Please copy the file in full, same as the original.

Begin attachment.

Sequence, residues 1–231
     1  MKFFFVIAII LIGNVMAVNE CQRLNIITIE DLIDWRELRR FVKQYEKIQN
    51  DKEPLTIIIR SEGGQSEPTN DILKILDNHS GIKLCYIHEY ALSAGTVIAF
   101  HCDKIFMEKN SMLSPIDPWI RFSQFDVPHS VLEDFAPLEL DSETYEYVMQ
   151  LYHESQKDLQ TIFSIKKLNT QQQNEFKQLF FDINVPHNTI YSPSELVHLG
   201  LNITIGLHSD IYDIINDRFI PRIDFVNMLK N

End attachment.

Sequence, residues 1–231
     1  MKFFFVIAII LIGNVMAVNE CQRLNIITIE DLIDWRELRR FVKQYEKIQN
    51  DKEPLTIIIR SEGGQSEPTN DILKILDNHS GIKLCYIHEY ALSAGTVIAF
   101  HCDKIFMEKN SMLSPIDPWI RFSQFDVPHS VLEDFAPLEL DSETYEYVMQ
   151  LYHESQKDLQ TIFSIKKLNT QQQNEFKQLF FDINVPHNTI YSPSELVHLG
   201  LNITIGLHSD IYDIINDRFI PRIDFVNMLK N